This preview shows pages 1–3. Sign up to view the full content.
This preview has intentionally blurred sections. Sign up to view the full version.View Full Document
Unformatted text preview: C HAPTER 20 T HE E MPLOYMENT R ELATIONSHIP Objectives After studying this chapter, you should have an understanding of: the basic elements of the employment relationship the ways in which the law affects recruitment practices the content of a typical employment contract the legal issues relating to the terms and conditions of employment Learning Outcomes Understand why it is important to distinguish between an employee and an independent contractor (page 490) Recognize that an employer is vicariously responsible for acts of the employees (page 492) Recognize discrimination in the workplace (pages 493 495) Understand when it is acceptable for an employer to discriminate and when the employer must accommodate for special needs (page 495) Understand the power of the Human Rights Commission (page 497) Recognize the duty placed on the employer through employment equity legislation (page 498) Understand the basic contents of an employment contract (pages 501 503) Understand the various pieces of legislation that protect workers, such as employment standards, health and safety, and pay equity (pages 503 507) Recognize the seriousness of a workplace harassment complaint (pages 505 506) Recognize the differences in negotiating an employment contract in a unionized workplace (page 512) Chapter Summary The employment relationship is based on contract. However, the parties are not free to negotiate any terms they want. The contract is modified to a great extent by legislation primarily designed to protect employees at all stages of the employment relationship, from hiring, to performance, to termination. Legislation protects employees against such things as unfair wages, unsafe working conditions, discrimination and sexual harassment, and invasion of privacy. It is essential for the employer to understand the serious ramifications of failure to honour the legislation. If the workforce is unionized, the employer cannot bargain individually with employees, but collectively with the union. 2008 BY N ELSON , A DIVISION OF T HOMSON C ANADA L TD . PART 6: EMPLOYMENT AND PROFESSIONAL RELATIONSHIPS Study Outline Use this outline to prepare a complete set of notes for this chapter. The Employment Relationship page 490 _______________________________________________________________________ _______________________________________________________________________ Employee ___________________________________________________________ Independent contractor_____________________________________________________ Risks in Hiring page 492 ______________________________________________________________________ _______________________________________________________________________ Vicarious liability______________________________________________________ Negligent hiring_______________________________________________________ _______________________________________________________________________ The Hiring Process page 493...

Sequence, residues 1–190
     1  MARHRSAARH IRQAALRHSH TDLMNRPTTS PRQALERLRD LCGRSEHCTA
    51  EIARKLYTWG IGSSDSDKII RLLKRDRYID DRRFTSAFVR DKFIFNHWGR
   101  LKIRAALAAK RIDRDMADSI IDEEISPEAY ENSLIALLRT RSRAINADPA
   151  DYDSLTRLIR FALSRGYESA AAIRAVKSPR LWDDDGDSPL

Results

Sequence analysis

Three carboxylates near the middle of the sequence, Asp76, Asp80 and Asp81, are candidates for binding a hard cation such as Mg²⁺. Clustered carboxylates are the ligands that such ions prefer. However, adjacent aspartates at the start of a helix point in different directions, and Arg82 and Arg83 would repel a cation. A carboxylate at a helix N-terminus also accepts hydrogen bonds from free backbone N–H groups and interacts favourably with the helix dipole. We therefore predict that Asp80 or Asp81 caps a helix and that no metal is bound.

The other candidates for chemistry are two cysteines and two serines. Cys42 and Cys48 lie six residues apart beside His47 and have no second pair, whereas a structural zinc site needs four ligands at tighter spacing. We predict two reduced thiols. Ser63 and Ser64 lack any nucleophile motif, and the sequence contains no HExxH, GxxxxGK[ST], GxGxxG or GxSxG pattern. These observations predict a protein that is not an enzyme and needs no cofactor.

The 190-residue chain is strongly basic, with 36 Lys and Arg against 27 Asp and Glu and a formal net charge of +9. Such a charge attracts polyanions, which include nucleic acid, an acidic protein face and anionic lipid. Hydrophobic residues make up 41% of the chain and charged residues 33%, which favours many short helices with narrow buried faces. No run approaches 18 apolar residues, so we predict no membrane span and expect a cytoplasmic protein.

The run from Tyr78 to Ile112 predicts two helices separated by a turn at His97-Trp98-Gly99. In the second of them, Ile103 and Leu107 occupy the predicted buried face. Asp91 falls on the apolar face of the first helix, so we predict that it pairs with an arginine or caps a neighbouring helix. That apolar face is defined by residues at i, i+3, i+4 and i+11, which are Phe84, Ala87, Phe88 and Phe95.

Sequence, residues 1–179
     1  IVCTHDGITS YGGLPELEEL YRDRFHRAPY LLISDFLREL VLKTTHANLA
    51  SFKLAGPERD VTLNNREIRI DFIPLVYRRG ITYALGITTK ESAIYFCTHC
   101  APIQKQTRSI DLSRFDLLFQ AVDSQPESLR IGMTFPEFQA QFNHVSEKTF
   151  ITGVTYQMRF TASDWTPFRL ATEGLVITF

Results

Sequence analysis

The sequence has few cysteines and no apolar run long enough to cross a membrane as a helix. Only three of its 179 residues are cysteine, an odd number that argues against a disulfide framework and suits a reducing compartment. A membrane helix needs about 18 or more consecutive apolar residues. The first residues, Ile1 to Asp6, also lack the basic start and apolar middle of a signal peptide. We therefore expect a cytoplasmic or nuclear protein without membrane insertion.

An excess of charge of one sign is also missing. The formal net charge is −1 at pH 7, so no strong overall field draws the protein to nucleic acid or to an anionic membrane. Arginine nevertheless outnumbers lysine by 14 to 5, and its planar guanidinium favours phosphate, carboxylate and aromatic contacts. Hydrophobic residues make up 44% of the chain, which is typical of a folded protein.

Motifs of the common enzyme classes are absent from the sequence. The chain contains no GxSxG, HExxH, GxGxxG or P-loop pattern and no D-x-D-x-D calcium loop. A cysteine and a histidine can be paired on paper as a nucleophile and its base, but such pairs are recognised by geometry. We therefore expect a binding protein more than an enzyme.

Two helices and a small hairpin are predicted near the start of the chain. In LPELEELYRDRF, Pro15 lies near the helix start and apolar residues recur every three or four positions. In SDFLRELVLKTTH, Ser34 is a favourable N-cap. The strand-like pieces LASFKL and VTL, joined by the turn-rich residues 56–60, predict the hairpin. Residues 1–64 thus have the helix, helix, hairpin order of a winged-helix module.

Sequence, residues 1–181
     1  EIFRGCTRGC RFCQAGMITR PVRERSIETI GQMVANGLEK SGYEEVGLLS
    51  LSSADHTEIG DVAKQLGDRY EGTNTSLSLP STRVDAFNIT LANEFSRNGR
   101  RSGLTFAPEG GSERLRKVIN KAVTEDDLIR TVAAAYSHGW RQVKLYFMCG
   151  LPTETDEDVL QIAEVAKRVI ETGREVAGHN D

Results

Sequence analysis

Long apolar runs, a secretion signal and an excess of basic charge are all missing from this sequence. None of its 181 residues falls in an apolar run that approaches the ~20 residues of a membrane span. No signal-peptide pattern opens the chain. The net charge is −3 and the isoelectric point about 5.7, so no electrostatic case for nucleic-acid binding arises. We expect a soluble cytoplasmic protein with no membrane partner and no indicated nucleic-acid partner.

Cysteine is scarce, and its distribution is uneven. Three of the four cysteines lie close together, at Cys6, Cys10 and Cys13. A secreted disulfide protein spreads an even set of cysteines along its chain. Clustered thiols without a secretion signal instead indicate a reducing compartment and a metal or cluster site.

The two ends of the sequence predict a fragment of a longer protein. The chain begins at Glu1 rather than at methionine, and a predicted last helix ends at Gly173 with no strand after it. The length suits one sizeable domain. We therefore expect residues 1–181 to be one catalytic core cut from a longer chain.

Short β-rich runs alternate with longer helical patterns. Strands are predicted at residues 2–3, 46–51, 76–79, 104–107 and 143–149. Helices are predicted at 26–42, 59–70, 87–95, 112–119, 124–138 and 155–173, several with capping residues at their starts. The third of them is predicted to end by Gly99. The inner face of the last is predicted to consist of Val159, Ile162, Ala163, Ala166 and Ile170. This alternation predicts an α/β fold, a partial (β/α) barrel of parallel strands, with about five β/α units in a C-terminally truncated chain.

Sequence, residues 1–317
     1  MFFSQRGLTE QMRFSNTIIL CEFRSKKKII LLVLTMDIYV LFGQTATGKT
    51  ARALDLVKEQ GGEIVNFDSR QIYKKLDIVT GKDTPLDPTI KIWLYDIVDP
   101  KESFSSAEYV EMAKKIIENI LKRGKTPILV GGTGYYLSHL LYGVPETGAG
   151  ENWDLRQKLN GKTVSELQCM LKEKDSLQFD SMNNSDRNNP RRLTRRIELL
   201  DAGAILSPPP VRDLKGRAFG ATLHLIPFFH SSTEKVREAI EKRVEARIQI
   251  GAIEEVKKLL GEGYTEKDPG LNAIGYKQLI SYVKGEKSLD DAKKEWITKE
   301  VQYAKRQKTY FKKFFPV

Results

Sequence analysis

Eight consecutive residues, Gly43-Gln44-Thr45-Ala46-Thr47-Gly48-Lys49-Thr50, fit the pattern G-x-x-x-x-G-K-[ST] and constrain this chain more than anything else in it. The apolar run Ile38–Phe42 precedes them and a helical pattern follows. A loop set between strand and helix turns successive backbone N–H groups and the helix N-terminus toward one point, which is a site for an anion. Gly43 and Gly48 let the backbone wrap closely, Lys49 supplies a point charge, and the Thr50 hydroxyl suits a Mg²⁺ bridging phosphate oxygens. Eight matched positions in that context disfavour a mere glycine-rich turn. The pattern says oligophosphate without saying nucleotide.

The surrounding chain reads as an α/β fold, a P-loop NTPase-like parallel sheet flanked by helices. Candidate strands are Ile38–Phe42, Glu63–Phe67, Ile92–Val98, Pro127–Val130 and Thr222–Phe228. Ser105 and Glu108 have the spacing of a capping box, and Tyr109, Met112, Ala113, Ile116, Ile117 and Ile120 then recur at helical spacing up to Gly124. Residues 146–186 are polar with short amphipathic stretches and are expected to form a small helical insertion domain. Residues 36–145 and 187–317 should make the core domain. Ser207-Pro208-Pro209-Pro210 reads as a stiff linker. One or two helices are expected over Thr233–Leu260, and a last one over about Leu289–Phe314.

View Full Document
This note was uploaded on 06/04/2009 for the course BUSINESS LAW380 taught by Professor Davidmariofarmani during the Fall '08 term at Seneca.
- Fall '08
- Business Law